I spent a day at TechFest recently where Jon Schaffer, co-founder of Conferize shared a case study about a very traditional conference, which ‘went virtual’ out of necessity during the eruption of Eyjafjallajökull in 2010. This conference had 150 booked delegates, supposed to be attending in person, but due to the volcanic activity, the conference was turned into a ‘hybrid’ event at the last minute, using live streaming and chat rooms to connect people globally. By the end of the three-day event, 1706 people had attended online, and now the conference has grown both physical and online attendees year on year. Jon shared a stat in his presentation (which you can see on slideshare) that says: “Research shows that up to 18% of virtual participants buy the ticket next year.” And he also said that when people livestream on Conferize, the audience spends three times longer on the site and the event goes twice as viral.

We need more stats and case studies like this that show the real benefits and opportunities of all the tech and platforms available to events organisers. Please do share anything you have if you are reading this! The events industry, like most others, is facing major changes, and digital business models will have a big impact on financial as well as environmental sustainability. I have over ten years’ experience of collaborating with event organisers who have embraced the possibilities live streaming offers – and most of my clients continue to stream their events once they’ve started and still sell all their tickets. In fact, they generate more value by packaging up the content for on-demand viewing and generating leads by asking people to register or even pay to access their archives of specialist content. Just as new broadcast technology offers more access, interaction and flexibility for viewers of events like Wimbledon (the likes of which people couldn’t have imagined back in 1937), streaming and virtual event technology offers huge opportunities, and we’re really just at the tip of the iceberg.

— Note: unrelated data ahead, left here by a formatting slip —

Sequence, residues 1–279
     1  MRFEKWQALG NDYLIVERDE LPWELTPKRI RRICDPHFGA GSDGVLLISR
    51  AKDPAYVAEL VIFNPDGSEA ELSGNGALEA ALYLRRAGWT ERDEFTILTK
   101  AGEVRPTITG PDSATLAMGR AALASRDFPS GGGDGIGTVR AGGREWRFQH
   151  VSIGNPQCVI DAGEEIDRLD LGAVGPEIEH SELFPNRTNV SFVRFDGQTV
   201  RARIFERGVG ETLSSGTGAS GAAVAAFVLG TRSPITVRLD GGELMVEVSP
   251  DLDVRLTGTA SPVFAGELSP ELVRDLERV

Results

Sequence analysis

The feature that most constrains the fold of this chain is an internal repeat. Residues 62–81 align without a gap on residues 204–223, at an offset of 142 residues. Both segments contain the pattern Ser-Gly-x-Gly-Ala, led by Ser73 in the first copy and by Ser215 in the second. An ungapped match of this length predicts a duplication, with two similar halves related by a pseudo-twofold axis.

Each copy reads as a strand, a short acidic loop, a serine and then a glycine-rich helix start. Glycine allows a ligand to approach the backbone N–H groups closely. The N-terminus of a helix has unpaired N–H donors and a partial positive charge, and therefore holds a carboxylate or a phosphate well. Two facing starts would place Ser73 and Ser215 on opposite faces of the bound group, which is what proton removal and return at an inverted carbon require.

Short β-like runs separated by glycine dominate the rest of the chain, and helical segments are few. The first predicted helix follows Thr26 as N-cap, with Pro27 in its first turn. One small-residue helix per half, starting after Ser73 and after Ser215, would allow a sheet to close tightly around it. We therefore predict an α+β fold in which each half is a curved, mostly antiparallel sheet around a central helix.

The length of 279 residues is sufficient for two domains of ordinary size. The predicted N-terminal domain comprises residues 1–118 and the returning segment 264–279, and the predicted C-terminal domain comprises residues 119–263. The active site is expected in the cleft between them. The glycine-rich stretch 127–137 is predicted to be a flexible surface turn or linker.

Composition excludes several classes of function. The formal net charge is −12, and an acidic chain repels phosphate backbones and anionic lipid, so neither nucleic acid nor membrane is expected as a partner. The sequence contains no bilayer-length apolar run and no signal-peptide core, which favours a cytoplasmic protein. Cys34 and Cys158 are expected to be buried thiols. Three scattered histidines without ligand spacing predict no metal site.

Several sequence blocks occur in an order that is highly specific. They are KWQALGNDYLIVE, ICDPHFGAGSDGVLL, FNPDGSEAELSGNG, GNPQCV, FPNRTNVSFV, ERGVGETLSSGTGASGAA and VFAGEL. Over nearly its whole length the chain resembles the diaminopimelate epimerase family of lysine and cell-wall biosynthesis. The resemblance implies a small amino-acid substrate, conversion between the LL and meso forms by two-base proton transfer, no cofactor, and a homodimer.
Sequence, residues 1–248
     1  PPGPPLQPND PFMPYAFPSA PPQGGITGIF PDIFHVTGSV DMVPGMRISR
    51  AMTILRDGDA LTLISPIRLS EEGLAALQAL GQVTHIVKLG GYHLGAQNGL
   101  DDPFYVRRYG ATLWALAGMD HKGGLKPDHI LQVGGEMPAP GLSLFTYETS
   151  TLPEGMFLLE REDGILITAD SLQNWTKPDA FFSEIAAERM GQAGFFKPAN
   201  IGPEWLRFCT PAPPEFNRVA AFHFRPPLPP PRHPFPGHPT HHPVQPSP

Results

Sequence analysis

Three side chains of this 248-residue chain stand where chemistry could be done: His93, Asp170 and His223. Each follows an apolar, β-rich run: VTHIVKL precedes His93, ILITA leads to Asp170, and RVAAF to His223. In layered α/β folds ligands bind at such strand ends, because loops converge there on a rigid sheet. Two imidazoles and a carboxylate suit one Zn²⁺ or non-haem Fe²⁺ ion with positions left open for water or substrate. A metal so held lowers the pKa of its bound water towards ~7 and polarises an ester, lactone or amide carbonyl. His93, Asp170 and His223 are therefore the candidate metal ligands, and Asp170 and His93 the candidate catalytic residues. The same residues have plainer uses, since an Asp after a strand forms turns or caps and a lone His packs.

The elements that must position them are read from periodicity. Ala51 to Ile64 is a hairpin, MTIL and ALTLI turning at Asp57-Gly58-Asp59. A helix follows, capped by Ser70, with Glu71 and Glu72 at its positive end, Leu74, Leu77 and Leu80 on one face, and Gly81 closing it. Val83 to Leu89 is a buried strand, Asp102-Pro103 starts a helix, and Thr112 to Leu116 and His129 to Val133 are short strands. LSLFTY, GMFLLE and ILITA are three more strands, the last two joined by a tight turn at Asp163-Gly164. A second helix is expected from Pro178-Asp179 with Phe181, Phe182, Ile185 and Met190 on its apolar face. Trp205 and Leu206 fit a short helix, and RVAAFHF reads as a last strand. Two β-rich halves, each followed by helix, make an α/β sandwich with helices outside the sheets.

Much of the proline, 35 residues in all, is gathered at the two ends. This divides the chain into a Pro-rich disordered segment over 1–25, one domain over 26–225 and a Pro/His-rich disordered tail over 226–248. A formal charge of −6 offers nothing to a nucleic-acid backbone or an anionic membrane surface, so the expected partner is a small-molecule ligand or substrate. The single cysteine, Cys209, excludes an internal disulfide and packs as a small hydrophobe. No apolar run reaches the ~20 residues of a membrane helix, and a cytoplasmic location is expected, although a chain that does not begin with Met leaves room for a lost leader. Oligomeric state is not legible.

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3 COMMENTS

  1. Thanks for the feedback Brandt. I think there will be lots more evidence coming to light as the market for streaming and online events grows. Event organisers will know their own audiences better than anyone, and therefore whether they think streaming is appropriate, but on the whole I think the worry some people still have that streaming will affect ticket sales, will slowly disappear as people get to grips with new business models or better marketing strategies around online content. Many companies we work with fund their content production through sponsorships, where sponsors generate leads through getting people to register to watch stuff.. it’s not bloody rocket science!! .. And as sales people get more savvy they will find new ways of selling access to live and on-demand streams. In any case, some folks are still on a big learning curve and I would say to anyone thinking ‘to stream or not to stream’ should bite the bullet and give it a go – because then they will have some actual audience figures to base their opinions on. But they must also think about promoting the live stream. For some reason we get lots of last minute requests for webcasts, and I think that’s another problem. Much better to plan the streaming alongside the event itself and promote the real and online experience concurrently. I could go on and on.. but I’ll leave it there for now! 🙂

  2. “For some reason we get lots of last minute requests for webcasts,”

    *Facepalm*

    Mean’s they’re not thinking of the online audience at all. *sigh*